DOJ: Trump can be sued by those injured during Jan. 6 Capitol riot
WASHINGTON (AP) - Former President Donald Trump can be sued by injured Capitol Police officers and Democratic lawmakers over the Jan. 6, 2021, insurrection at the U.S. Capitol, the Justice Department said Thursday in a federal court case testing Trump’s legal vulnerability and the limits of executive power.
The department wrote that although a president enjoys broad legal latitude to communicate to the public on matters of concern, "no part of a President’s official responsibilities includes the incitement of imminent private violence. By definition, such conduct plainly falls outside the President’s constitutional and statutory duties."
The brief was filed by lawyers of the Justice Department’s Civil Division and has no bearing on a separate criminal investigation by a department special counsel into whether Trump can be criminally charged over efforts to undo Democrat Joe Biden’s victory in the 2020 presidential election ahead of the Capitol riot. In fact, the lawyers note that they are not taking a position with respect to potential criminal liability for Trump or anyone else.
The Justice Department wrote that it also takes no view on a lower court judge’s conclusion that those who sued Trump have "plausibly" alleged that his speech caused the riot. Nevertheless, the department said that an appeals court should reject Trump’s claim that he’s immune from the lawsuits.
The Justice Department cautioned that the "court must take care not to adopt rules that would unduly chill legitimate presidential communication" or saddle a president with meritless lawsuits.
WASHINGTON, DC - JANUARY 06: U.S. President Donald Trump is seen on a screen as his supporters cheer during a rally on the National Mall on January 6, 2021 in Washington, DC. Trump supporters gathered in the nation's capital today to protest the rati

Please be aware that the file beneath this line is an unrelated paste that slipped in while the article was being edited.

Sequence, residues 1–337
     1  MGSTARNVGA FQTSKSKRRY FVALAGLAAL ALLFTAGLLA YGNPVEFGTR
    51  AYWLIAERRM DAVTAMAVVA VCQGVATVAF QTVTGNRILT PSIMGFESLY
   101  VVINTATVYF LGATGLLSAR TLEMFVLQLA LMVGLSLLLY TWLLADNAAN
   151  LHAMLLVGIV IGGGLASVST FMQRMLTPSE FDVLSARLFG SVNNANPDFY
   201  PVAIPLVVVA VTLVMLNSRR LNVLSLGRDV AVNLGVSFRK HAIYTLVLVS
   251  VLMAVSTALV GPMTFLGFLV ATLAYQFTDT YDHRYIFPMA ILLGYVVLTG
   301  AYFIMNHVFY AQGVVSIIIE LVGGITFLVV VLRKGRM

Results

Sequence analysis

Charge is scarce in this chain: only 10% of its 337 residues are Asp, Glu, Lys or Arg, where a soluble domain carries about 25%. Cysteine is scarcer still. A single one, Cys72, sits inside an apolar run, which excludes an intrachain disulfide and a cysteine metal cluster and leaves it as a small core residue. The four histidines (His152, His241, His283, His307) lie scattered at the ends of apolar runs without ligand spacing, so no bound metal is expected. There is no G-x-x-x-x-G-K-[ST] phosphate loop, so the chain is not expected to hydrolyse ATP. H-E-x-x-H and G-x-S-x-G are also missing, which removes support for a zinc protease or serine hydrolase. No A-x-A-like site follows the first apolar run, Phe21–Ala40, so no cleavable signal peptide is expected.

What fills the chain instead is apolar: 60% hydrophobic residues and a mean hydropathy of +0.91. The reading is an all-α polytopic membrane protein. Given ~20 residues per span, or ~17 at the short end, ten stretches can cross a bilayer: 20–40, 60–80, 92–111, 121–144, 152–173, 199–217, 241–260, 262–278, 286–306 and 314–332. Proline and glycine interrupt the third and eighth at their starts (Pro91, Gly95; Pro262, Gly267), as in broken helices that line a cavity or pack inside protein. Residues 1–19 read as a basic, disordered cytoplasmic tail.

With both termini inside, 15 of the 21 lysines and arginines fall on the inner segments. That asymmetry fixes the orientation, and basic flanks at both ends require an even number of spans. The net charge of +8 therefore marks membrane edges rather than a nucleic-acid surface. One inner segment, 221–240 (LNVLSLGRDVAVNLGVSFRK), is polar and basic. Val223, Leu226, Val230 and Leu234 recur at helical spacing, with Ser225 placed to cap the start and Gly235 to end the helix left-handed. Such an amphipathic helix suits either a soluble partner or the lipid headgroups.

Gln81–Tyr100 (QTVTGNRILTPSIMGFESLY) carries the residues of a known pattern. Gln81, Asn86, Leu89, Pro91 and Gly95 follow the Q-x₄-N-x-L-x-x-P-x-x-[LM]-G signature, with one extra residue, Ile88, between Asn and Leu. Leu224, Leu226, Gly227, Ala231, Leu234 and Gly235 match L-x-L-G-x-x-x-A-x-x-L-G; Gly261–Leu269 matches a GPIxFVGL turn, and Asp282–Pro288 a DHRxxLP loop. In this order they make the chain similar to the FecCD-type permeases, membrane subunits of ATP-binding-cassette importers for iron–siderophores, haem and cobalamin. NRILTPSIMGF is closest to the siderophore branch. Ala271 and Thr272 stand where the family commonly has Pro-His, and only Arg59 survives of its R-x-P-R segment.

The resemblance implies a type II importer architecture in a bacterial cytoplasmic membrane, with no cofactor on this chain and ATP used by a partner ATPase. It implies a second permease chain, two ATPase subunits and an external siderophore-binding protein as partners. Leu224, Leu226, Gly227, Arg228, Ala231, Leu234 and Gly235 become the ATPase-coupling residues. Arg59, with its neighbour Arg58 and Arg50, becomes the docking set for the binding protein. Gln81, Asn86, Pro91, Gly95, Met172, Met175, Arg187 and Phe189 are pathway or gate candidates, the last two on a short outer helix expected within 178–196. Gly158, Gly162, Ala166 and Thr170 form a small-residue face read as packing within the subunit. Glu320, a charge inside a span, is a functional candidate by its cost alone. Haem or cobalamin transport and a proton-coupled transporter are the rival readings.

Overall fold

"In exercising their traditional communicative functions, Presidents routinely address controversial issues that are the subject of passionate feelings. Presidents may at times use strong rhetoric. And some who hear that rhetoric may overreact, or even respond with violence," the department wrote.
Trump is appealing a decision by a federal judge in Washington, who last year rejected efforts by the former president to toss out the conspiracy civil lawsuits filed by lawmakers and two Capitol police officers. U.S. District Judge Amit Mehta ruled that Trump’s words during a rally before the violent storming of the U.S. Capitol were likely "words of incitement not protected by the First Amendment."
The lawsuits, filed by Rep. Eric Swalwell, D-Calif., officers James Blassingame and Sidney Hemby, and later joined by other House Democrats, argue that Trump and others made "false and incendiary allegations of fraud and theft, and in direct response to the Defendant’s express calls for violence at the rally, a violent mob attacked the U.S. Capitol."
The suits cite a federal civil rights law that was enacted to counter the Ku Klux Klan’s intimidation of officials. They describe in detail how Trump and others spread baseless claims of election fraud, both before and after the 2020 presidential election was declared, and charge that they helped to rile up the thousands of rioters before they stormed the Capitol.